Utah officials want to hide their calendars from the public. A new bill will do just that.

Posted at 8:43 PM, Feb 20, 2024
and last updated 2024-02-21 00:00:15-05

SALT LAKE CITY — Days before media attorneys and the Utah attorney general’s office are set to argue before a judge about whether Attorney General Sean Reyes’ official calendar should be made public, a bill is advancing in the Legislature to make all elected officials’ calendars secret by exempting them from Utah’s public records law.

Sen. Curt Bramble’s bill, SB240, would explicitly make any daily calendar off-limits under Utah’s Government Records Access and Management Act, whether it belonged to a state, county or local government employee, or any elected official, from the governor down to a city recorder. The bill was made public last week and won unanimous approval from the Senate Judiciary, Law Enforcement, and Criminal Justice Committee at a hearing Tuesday evening, moving to the full Senate for consideration.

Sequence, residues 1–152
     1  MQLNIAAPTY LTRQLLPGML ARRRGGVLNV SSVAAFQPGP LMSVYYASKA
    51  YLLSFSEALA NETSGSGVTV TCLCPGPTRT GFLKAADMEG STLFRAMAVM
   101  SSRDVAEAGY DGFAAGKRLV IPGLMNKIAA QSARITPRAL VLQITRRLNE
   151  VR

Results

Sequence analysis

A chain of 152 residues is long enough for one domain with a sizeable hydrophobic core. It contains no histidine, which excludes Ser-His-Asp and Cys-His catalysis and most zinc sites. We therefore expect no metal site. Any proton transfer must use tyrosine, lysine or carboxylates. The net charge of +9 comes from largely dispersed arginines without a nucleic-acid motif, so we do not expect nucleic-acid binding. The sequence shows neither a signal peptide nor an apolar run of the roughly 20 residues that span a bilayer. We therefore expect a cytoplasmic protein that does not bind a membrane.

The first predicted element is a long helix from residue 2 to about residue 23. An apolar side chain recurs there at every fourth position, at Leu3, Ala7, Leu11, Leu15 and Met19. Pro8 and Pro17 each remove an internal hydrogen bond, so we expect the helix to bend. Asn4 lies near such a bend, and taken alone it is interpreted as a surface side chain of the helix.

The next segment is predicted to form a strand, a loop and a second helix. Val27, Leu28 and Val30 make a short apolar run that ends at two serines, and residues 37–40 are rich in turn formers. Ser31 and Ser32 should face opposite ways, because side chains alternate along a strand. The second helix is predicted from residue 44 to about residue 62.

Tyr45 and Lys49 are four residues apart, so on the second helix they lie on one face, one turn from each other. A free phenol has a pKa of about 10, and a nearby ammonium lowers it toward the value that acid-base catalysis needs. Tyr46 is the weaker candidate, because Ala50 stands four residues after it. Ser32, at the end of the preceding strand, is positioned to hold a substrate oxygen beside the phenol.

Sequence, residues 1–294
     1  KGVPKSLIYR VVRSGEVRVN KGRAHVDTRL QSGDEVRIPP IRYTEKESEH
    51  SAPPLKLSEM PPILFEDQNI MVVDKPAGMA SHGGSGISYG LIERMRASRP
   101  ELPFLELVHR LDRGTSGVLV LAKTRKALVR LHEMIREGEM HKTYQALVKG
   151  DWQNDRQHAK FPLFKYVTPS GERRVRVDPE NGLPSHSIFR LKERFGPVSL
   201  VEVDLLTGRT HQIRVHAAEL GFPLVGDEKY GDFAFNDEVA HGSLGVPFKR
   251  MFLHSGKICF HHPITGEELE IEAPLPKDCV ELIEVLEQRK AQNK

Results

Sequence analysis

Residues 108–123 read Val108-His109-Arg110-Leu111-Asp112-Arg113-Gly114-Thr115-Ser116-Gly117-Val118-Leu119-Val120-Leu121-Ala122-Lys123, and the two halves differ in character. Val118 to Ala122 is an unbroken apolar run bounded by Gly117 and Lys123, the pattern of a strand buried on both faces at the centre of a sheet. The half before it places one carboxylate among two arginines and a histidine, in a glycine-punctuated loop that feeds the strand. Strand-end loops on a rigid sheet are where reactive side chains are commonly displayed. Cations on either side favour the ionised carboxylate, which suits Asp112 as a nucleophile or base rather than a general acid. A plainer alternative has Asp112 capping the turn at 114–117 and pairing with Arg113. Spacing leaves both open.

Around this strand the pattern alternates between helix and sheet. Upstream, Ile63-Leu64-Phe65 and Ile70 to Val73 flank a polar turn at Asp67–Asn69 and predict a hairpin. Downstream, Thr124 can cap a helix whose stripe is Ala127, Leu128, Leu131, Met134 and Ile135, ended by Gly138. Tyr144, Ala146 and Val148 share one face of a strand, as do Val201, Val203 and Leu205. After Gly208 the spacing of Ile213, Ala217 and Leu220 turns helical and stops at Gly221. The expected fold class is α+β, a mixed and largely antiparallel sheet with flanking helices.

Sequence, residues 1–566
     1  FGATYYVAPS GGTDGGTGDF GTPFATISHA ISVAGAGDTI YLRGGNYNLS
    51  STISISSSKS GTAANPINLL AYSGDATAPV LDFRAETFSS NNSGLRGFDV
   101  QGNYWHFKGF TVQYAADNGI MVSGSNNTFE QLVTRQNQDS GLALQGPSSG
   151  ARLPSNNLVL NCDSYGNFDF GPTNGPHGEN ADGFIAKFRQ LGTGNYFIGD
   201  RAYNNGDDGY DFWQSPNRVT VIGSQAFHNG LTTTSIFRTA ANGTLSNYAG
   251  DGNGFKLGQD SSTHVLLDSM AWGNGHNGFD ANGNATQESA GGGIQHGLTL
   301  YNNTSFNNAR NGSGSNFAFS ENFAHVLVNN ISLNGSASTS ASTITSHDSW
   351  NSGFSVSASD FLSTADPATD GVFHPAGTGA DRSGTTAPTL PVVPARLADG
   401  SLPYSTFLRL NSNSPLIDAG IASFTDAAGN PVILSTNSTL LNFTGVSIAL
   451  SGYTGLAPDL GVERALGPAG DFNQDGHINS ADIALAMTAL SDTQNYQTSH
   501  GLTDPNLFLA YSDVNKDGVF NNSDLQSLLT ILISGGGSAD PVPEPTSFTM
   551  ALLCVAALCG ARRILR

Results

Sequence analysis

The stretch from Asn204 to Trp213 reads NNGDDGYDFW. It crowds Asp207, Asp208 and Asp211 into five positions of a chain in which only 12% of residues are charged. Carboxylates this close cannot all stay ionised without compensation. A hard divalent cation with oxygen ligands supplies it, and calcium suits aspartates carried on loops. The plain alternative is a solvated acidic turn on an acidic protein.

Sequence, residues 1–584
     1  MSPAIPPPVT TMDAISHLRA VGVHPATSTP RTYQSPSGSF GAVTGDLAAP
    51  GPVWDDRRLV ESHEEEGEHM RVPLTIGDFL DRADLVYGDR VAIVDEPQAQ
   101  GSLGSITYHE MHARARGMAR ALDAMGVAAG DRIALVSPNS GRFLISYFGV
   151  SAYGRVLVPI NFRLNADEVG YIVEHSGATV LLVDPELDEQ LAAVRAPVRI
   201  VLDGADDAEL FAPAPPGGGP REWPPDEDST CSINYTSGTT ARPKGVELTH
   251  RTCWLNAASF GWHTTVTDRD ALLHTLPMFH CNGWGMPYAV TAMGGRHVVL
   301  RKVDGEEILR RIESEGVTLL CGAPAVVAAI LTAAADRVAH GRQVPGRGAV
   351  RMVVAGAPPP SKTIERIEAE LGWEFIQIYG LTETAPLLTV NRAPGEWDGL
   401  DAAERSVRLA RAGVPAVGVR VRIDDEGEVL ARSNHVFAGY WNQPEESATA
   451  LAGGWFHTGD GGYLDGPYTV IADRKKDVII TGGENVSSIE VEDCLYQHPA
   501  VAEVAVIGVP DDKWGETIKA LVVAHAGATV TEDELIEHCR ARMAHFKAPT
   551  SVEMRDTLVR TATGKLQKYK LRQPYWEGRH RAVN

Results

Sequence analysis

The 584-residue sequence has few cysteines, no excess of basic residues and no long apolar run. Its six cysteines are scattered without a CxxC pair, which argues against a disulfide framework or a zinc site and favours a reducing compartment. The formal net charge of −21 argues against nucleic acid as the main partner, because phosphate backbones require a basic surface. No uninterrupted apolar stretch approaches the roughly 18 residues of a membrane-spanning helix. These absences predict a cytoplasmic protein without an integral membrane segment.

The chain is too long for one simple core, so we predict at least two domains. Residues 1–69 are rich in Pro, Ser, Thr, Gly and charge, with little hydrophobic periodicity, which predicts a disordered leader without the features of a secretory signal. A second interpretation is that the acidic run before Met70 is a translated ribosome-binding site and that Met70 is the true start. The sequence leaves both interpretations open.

“The longstanding practice is that daily calendars are not a record that has to be disclosed,” the Provo Republican told the committee. “For those who believe we’re somehow changing the law, I would proffer to the committee this is clarifying what the longstanding practice and interpretation of the law has been.”

In fact, official calendars have regularly been deemed subject to GRAMA, dating back to the scandal involving former Attorneys General Mark Shurtleff and John Swallow more than a decade ago.

“Public officials do the public’s business, and their daily calendars are the most basic record of how and whether they are doing their jobs,” said Dave Reymann, an attorney for the Utah Media Coalition. “Making all daily calendars secret, as this bill would do, means government would be less transparent and less accountable to the people these officials are supposed to serve.”

As it is currently written, the law says that a “daily calendar or other personal note” is not subject to the records law, but that was interpreted by the records committee to mean that personal entries on calendars can be withheld. Bramble’s bill separates the section before the word “or,” meaning all daily calendars would now be exempt — whether they show personal or official meetings.

Click here to read the full report from The Salt Lake Tribune, a content-sharing partner with FOX 13 News.